A military officer is brought into an alien war against an extraterrestrial enemy who can reset the day and know the future. When this officer is enabled with the same power, he teams up with a Special Forces warrior to try and end the war.
The adventures of Gustave H, a legendary concierge at a famous hotel from the fictional Republic of Zubrowka between the first and second World Wars, and Zero Moustafa, the lobby boy who becomes his most trusted friend.
F. Murray Abraham,
In a world divided by factions based on virtues, Tris learns she's Divergent and won't fit in. When she discovers a plot to destroy Divergents, Tris and the mysterious Four must find out what makes Divergents dangerous before it's too late.
In 2074, when the mob wants to get rid of someone, the target is sent into the past, where a hired gun awaits - someone like Joe - who one day learns the mob wants to 'close the loop' by sending back Joe's future self for assassination.
An alien race has hit the Earth in an unrelenting assault, unbeatable by any military unit in the world. Major William Cage (Cruise) is an officer who has never seen a day of combat when he is unceremoniously dropped into what amounts to a suicide mission. Killed within minutes, Cage now finds himself inexplicably thrown into a time loop-forcing him to live out the same brutal combat over and over, fighting and dying again...and again. But with each battle, Cage becomes able to engage the adversaries with increasing skill, alongside Special Forces warrior Rita Vrataski (Blunt). And, as Cage and Vrataski take the fight to the aliens, each repeated encounter gets them one step closer to defeating the enemy! Written by
Warner Bros. Pictures
In the movie, Rita appreciates having coffee at the farmhouse. This is a nod to her character in the book who is a coffee lover having been introduced to coffee at an early age by her coffee addict father. In the world of the book, where coffee growing has virtually ceased because of the Mimic invasion and people drink artificial substitutes, Rita Vrataski still has some supplies of exotic real coffee beans and her only personal possession is a coffee grinder. See more »
The minivan that Rita and Cage drive in Europe is a Renault Espace Mk IV. However, the radio shown is from a Toyota Prius and bears no resemblance to the dashboard of the Espace. See more »
Trip Into The Light
Written by Jeremy Lublin, Stephan Lublin, Craig Bonich, Patrick Meyer and Nathan Post
Performed by Jeremy & The Harlequins
Courtesy of Harlequin Music
By arrangement with Secret Road Music Services, Inc. See more »
Clever, intense Sci-Fi spectacle; offers nearly as much humor as it does excitement along with a great, unexpected turn from Tom Cruise
Wow - this was unexpected. The trailers had me believe that after 'Battle L.A.' and 'Oblivion' this would be yet another bleak, action- packed, special effects driven Sci-Fi blockbuster about an alien invasion - what the trailers failed to convey almost entirely is that over long stretches, this is also seasoned with nearly as much humor as 'Groundhog Day'. That it would invite comparisons with the Harold Ramis/ Bill Murray classic was obvious, given the time loop premise, but I never expected to what extent those comparisons would actually be justified and that this film would really tap into a similar kind of comedy. Luckily, it is all the better for it.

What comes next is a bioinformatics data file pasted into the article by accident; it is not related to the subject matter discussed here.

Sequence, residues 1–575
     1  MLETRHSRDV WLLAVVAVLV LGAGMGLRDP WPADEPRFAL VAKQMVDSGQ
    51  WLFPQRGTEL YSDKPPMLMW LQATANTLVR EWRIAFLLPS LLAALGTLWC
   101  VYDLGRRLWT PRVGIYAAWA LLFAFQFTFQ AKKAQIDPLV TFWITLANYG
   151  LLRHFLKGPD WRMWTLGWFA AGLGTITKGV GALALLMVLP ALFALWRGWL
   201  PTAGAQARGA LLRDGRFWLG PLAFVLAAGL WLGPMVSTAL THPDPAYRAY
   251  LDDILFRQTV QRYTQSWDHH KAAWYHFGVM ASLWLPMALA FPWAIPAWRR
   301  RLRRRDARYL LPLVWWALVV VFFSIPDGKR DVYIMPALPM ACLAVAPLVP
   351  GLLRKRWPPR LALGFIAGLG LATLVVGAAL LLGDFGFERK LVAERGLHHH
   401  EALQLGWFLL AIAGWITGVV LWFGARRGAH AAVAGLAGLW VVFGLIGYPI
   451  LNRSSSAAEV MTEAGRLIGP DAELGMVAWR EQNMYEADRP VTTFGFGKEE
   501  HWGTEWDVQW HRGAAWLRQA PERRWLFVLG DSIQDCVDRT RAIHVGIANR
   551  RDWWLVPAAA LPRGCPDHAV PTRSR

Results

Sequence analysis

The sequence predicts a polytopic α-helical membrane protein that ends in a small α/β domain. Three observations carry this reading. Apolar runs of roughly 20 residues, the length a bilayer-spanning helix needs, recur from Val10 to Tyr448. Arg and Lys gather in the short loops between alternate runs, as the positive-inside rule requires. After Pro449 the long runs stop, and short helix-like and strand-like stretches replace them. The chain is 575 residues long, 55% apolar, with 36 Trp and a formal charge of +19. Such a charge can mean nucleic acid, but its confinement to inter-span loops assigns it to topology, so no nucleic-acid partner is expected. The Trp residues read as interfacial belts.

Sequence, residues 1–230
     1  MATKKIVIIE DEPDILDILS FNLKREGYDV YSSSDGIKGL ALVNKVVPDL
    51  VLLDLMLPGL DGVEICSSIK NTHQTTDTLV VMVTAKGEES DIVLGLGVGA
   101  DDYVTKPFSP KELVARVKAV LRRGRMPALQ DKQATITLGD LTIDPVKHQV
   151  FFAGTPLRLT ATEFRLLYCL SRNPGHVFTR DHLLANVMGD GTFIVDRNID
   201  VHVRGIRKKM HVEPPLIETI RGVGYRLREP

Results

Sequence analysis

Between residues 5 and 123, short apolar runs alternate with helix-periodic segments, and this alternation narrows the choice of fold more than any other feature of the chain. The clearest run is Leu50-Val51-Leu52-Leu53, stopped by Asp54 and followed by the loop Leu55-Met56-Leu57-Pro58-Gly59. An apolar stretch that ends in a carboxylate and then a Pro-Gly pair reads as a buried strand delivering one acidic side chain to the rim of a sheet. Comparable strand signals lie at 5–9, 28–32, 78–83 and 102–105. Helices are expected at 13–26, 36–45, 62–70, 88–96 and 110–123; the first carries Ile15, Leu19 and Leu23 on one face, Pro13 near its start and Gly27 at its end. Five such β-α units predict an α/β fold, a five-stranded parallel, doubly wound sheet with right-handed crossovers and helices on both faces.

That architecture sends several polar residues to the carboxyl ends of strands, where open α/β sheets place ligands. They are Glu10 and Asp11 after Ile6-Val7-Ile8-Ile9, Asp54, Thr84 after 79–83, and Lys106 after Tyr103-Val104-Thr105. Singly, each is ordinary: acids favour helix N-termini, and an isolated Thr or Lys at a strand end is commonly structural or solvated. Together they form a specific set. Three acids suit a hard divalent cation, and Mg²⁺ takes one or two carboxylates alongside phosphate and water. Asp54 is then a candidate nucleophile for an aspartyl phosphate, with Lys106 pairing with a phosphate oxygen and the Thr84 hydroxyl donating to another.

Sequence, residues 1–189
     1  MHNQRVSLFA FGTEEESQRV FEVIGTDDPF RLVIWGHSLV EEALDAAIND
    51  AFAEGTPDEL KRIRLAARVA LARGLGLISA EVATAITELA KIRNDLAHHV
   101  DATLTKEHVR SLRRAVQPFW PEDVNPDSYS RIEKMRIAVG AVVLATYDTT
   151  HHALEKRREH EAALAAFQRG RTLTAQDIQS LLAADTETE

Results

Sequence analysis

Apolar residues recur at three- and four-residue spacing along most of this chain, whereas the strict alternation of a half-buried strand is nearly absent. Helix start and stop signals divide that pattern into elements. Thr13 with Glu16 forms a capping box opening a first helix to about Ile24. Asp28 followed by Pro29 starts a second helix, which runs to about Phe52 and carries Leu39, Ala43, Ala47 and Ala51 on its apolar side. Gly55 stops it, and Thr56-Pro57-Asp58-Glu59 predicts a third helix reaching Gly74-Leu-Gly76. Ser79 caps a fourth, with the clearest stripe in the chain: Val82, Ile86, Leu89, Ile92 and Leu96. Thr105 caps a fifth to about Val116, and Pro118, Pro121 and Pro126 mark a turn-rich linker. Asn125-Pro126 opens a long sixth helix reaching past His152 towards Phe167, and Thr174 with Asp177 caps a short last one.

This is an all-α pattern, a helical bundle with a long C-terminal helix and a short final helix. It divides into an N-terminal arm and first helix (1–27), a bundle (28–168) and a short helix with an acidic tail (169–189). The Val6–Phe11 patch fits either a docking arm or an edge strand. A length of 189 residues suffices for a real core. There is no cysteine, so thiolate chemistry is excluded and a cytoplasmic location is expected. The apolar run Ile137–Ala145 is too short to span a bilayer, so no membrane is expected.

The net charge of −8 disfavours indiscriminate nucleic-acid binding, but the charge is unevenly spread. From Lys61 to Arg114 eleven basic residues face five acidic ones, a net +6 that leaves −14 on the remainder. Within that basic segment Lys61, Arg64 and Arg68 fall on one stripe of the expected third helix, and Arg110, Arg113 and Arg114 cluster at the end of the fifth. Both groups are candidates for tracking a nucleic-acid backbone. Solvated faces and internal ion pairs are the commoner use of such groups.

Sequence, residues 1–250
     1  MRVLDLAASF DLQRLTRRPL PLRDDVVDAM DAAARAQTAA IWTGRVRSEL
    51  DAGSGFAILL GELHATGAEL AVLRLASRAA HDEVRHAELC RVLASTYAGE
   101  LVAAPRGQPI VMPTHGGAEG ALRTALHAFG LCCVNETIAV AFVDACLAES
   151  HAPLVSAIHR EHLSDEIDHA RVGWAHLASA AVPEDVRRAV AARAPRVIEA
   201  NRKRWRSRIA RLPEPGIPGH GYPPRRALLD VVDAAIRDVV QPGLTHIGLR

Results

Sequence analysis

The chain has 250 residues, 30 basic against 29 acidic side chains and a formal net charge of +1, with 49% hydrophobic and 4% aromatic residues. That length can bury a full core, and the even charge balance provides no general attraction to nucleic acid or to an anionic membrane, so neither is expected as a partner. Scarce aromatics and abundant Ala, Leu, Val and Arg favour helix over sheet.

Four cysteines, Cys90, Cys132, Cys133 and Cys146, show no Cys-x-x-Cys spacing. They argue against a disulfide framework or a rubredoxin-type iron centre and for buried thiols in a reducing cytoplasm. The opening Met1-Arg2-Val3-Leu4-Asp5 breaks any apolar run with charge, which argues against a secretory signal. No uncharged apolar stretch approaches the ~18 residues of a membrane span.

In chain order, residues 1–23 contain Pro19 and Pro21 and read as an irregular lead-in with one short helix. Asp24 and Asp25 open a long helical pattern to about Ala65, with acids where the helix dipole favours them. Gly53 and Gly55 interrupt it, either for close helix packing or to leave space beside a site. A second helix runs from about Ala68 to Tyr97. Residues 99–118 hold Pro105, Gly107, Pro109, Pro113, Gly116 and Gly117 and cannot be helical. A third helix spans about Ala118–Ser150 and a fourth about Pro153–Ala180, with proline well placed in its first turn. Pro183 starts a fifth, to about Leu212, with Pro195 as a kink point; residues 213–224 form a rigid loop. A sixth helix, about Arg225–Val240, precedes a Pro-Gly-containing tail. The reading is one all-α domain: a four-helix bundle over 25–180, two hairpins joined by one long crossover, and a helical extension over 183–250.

Most unexpected of all, the main reason the comical aspects during the first half of the film work so well, is Tom Cruise's character, Major William Cage. This is easily Cruise's meatiest role since his turn in 'Magnolia' as Frank T.J. Mackey; forget his usual stern, poster boy heroes: here he plays an entirely different character and he really seems to relish the opportunity. I won't give away too much, but be prepared to chuckle and laugh when you see a new side of Tom Cruise.
Yet while this is not nearly as bleak as the trailers suggested, it certainly isn't a comedy either. And it absolutely IS an action-packed, special effects driven Sci-Fi blockbuster about battling an alien invasion (the trailers got that right), albeit one with a funny bone and great characters. Speaking of which, the rest of the cast is also very good, especially the gorgeous Emily Blunt. It seems that no matter what she does, she always comes across as genuine and real; here she succeeds in portraying her character - a tough, seasoned soldier other soldiers refer to as "full metal bitch" (no kidding!) - with just the right touch of vulnerability to make her that much more believable. Bill Paxton and Brendon Gleeson are always a welcome addition to any movie, and while they are great (as usual), character-wise, they don't do anything here that you haven't seen them do before.
As for the Sci-Fi spectacle that the trailers promised, I'm glad to report that the film delivers. The battle scenes are beautifully orchestrated (not the Transformer-style blur where you can't make out anything anymore), and there are moments when the intensity of the fighting recalls the landing on Omaha Beach in 'Saving Private Ryan' - without the gore, obviously (after all, this is PG-13). The design of the aliens - the production design in general - is incredibly well done, although I would lie if I said it was something ground-breaking and new the way the first 'Matrix' was (it IS breathtaking, though).
So my verdict: With one of the most inventive (adapted) scripts for an original (mega-budget) film in a long time and the best Tom Cruise we've seen in years, 'Edge of Tomorrow' will have you chuckle and laugh nearly as much as drop your jaw in awe: this is what Hollywood should take as a blueprint for exciting summer entertainment henceforth. 9 stars out of 10.